History of Aldergrove Secondary School

 condensed from The Place Between, Vol. II, by L. Chesley

By the late 1940s, the new Langley High School was filled and classes were on shift. It was proposed in 1953 to build a new high school with a catchment area east of the Langley Hospital to Matsqui and from the U.S. border to the Fraser River, a large sparsely-settled area. The site on Boundy Road (26850 - 29 Avenue) was chosen, but two referenda were defeated by the voters in 1954 and another in 1955. Finally, in 1956 a building program costing $1,115,500 was approved, and in 1957 a contract was let. 

Starting in September, 1957, a "two schools" shift was in operation at Langley High School, with Langley in the morning and Aldergrove in the afternoon. Finally, in May, 1958, more than 520 students and 24 teachers moved into Aldergrove High School after four years of shifts. The official opening ceremony for the new Aldergrove Junior-Senior High School was on May 8,1958.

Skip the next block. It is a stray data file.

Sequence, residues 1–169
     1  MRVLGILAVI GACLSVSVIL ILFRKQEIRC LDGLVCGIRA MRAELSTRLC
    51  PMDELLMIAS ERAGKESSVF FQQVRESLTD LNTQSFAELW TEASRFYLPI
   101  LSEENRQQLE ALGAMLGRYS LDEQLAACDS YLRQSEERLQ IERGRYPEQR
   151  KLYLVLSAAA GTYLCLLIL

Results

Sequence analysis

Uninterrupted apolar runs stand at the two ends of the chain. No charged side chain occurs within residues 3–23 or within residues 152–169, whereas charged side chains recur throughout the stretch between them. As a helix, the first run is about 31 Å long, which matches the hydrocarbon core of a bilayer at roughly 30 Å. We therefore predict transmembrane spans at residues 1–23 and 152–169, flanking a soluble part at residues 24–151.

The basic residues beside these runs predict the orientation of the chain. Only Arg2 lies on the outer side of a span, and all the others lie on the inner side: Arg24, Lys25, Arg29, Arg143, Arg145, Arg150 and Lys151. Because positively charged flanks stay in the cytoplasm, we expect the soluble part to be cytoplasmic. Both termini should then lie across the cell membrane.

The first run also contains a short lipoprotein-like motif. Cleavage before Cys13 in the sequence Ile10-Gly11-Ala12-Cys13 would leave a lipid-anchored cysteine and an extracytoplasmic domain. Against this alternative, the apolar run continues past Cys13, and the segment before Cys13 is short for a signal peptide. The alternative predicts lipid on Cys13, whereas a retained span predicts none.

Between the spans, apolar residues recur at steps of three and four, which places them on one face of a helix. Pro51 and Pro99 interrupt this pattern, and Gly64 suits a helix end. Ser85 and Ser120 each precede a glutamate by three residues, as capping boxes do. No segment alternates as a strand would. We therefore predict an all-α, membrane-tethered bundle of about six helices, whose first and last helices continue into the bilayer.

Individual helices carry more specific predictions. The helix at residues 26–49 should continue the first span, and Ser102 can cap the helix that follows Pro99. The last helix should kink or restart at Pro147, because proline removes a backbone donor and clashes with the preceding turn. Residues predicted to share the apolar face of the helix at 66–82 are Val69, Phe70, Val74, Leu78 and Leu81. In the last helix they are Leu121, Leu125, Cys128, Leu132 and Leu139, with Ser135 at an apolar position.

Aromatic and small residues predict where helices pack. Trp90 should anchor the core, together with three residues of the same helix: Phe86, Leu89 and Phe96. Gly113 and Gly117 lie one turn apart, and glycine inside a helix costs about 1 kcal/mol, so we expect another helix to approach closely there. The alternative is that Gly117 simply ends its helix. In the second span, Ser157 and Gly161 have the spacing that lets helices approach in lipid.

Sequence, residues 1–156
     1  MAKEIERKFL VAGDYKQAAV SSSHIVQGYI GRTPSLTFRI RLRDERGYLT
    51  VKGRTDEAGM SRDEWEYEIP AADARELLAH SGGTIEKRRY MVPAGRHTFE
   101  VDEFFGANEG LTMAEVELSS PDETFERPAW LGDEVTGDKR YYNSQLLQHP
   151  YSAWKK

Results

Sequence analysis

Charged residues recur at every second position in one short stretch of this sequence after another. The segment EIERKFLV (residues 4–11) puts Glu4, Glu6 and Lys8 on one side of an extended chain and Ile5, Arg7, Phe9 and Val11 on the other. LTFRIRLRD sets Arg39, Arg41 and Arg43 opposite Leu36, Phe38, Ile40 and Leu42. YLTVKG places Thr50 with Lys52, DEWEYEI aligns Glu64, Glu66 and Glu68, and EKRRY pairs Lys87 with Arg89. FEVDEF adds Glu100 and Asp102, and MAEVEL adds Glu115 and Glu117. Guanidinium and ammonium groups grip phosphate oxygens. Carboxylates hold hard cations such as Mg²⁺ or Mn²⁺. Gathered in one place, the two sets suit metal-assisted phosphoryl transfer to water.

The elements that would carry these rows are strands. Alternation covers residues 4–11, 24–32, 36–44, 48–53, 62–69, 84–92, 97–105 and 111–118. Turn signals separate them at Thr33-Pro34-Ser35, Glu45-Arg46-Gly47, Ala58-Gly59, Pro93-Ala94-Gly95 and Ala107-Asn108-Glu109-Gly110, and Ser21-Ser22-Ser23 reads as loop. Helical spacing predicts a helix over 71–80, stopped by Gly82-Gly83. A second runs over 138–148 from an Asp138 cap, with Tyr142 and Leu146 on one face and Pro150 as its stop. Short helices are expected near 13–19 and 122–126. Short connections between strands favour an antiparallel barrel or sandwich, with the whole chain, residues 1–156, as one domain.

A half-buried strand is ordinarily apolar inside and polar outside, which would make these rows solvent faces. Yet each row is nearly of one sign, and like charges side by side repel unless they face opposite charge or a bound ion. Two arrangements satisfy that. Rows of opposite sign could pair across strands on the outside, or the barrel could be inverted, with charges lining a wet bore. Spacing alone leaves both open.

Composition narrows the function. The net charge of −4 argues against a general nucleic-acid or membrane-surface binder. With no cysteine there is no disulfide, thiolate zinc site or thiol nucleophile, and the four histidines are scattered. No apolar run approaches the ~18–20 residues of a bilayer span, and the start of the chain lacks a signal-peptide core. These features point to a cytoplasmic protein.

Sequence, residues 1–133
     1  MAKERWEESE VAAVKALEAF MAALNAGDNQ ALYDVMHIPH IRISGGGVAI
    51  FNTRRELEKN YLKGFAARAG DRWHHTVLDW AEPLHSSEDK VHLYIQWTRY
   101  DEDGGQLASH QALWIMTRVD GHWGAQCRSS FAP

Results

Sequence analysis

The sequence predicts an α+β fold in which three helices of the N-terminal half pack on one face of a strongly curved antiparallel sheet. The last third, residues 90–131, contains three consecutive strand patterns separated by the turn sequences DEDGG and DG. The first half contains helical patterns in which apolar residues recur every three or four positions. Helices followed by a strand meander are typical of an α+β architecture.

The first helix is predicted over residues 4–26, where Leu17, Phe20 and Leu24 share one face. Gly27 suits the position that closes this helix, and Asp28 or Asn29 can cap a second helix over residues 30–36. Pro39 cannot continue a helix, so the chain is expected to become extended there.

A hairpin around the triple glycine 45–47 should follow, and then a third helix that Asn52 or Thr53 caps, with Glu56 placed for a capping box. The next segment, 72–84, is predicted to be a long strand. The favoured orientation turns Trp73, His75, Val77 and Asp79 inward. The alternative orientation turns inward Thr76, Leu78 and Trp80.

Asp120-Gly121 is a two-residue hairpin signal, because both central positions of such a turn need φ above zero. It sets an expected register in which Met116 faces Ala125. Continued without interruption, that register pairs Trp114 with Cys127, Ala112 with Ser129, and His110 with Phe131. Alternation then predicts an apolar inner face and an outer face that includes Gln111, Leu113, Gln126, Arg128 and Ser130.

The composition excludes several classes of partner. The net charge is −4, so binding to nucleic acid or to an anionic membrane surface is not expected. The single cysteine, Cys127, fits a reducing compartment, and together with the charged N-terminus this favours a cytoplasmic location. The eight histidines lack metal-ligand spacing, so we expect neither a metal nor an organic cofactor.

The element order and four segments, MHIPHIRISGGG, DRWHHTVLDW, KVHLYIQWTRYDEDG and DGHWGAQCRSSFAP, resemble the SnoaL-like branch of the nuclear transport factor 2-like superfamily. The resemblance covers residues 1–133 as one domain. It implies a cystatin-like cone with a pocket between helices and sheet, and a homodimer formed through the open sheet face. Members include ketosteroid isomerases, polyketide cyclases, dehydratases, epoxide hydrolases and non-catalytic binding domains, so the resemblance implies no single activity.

The first principal was Donald Hanson, with Roger C Winter as vice principal. The first grad class in 1958 had 35 students with the first valedictory address by Steve Nelson. 

The first full year at Aldergrove Junior/Senior High School had students from grades 7 -12. Graduates wishing to take grade 13 went to Langley Junior/Senior High School. 

The original school was built of concrete columns and beams, with block work, wood frame, and an exterior finish of stucco. Windows were wood and aluminum. Three sewer connections go from the school to 29 Avenue. The school is located on 17 acres (6.85 Ha). There is a galvanized chain link four foot high fence around the running track, on the east side, and along 29 Avenue. There is a 400 m rock dust track and one oval irrigated grass field within the track.